Breakout

Trash or Treasure? Ejection From the NDX Is a Buy Says Detrick

Breakout

With only 100 members and admission costs that run into the tens of millions of dollars, the United States Senate has been called one of the most exclusive clubs in the country. Rare is the occasion when a member in good health chooses to leaves on their own — unless something spectacular is waiting for them on the outside.

Interestingly, there's another club I know of that also admits 100 members and is prohibitively off-limits, save for a handful of elite businesses. Unlike the Senate, this group is based in Times Square, New York, and is called the Nasdaq 100 (^NDX), although it is often referred to simply as "NDX." To get in means a certain level of riches and success. To be ousted is nothing short of shame.

And yet, in the spirit of self-redemption, new research shows expulsion from the NDX is not the end of the world. In fact, it's often just the opposite.

"Back since 1995, if a stock gets kicked out of the Nasdaq 100, the next year it's up 22%," says Ryan Detrick, senior technical strategist at Schaeffer's Investment Research. What's even more confounding, he says, is that the average gain for stocks added to the index is only 11%.

"There's something to that," he explains, segueing right into one of his favorite themes. "You want to buy when there are low expectations. Think about it. If a stock gets kicked out of a major index or ETF because of performance, that tells you that expectations are rather low."

With this is mind, Detrick began to tinker with the formula to determine if there was a better time to buy these soon-to-be outcasts.

"We then looked at if [a stock] did well the last quarter before it got kicked out," he says. Wouldn't you know it, those rejects ended up doing ''extremely well."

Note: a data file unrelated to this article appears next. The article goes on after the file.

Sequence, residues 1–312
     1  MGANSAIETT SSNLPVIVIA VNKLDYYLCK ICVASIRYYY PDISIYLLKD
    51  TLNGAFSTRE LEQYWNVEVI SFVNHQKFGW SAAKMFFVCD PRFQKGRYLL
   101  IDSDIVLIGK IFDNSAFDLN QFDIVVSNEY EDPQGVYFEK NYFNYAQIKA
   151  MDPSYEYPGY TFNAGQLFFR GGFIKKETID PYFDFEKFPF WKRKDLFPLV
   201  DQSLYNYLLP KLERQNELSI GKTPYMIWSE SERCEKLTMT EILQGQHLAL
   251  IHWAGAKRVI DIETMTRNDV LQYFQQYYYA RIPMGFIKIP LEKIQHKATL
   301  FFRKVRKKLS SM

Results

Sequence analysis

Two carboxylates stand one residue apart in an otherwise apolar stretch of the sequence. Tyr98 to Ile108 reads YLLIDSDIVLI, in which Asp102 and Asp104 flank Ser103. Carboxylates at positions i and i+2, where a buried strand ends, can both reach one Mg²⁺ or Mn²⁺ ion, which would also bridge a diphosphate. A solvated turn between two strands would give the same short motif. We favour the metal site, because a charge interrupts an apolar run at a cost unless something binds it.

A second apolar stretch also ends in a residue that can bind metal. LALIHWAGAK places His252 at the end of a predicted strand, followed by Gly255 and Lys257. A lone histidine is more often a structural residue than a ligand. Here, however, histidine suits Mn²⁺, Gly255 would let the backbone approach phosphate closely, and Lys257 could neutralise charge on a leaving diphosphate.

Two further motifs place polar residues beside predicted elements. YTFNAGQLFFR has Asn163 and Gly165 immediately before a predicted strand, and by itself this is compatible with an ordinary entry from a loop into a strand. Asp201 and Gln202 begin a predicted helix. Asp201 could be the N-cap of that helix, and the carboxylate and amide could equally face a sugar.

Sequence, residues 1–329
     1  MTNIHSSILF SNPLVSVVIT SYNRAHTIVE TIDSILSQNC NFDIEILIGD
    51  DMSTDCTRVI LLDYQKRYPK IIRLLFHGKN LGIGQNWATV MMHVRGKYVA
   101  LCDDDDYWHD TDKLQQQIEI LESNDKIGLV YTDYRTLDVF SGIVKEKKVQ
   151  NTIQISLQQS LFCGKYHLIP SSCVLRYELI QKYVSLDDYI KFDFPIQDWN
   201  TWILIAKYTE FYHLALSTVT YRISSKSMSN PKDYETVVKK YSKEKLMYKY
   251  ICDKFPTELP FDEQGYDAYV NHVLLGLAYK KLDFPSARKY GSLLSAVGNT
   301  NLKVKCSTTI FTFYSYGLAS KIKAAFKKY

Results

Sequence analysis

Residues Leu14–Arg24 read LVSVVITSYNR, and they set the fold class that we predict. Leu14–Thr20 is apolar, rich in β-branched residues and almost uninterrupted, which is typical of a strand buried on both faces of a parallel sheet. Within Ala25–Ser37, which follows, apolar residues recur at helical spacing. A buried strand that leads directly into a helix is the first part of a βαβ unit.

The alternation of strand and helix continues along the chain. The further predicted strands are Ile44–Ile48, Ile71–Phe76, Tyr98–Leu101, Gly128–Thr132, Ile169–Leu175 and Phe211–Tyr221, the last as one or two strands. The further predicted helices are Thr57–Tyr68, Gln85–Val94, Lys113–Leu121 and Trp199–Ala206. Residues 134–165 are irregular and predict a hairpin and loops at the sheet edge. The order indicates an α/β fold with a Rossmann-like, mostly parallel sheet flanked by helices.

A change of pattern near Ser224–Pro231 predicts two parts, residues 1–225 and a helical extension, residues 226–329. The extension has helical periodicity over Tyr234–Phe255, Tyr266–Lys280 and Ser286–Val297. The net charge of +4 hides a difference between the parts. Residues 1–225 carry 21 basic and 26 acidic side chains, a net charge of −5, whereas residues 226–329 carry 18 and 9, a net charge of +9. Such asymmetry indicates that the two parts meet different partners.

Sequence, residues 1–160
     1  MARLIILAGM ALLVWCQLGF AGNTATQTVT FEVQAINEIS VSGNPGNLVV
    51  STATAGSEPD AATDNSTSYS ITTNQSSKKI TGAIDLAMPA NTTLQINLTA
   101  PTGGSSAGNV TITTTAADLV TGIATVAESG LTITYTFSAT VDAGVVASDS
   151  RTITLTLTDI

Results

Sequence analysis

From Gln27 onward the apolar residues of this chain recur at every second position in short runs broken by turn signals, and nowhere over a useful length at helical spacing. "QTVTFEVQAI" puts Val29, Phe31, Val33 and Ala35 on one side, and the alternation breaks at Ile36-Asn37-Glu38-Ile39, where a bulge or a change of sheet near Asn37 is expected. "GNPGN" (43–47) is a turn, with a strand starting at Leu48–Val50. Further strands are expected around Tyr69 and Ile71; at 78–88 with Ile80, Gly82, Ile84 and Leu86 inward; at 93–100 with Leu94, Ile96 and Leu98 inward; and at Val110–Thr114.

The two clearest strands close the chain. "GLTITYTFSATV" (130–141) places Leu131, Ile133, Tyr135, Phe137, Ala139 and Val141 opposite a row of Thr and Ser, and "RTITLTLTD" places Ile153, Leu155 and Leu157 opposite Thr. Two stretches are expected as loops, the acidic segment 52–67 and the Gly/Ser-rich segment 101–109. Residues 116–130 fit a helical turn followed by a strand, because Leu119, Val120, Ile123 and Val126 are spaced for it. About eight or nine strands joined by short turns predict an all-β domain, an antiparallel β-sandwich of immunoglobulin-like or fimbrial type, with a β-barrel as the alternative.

Recent examples of this fallen-down factor, he says, include Netflix (NFLX), Green Mountain Coffee Roasters (GMCR) and Research in Motion (RIMM), all of which were in a basket of 10 companies given the boot from the NDX on Christmas Eve.

In the case of RIMM, Detrick says it's a well-known but "hated" stock that saw its short interest go up 100% and didn't have a single Buy recommendation from any of 32 analysts who covered it. It's a formula, he says, that can lead to a stock going much, much higher on even the slightest bit of good news.

Infosys (INFY) is another NDX refugee Detrick likes, citing the stock's 18% pop last week after better-than-expected earnings results.

The same cannot be said for Apple (AAPL) — at least not yet. While the largest stock in the index is facing no risk of being kicked out, its recent 28% decline has caught the eye of many investors. Not Detrick, however, who says "it's still one that has further to go on the downside" and believes there will still be a better opportunity to buy it.

"I'm not saying to put your whole portfolio in names like these," he says, pointing to the beauty of low expectations. "But from a trading point of view, some of these names are areas you definitely should consider."

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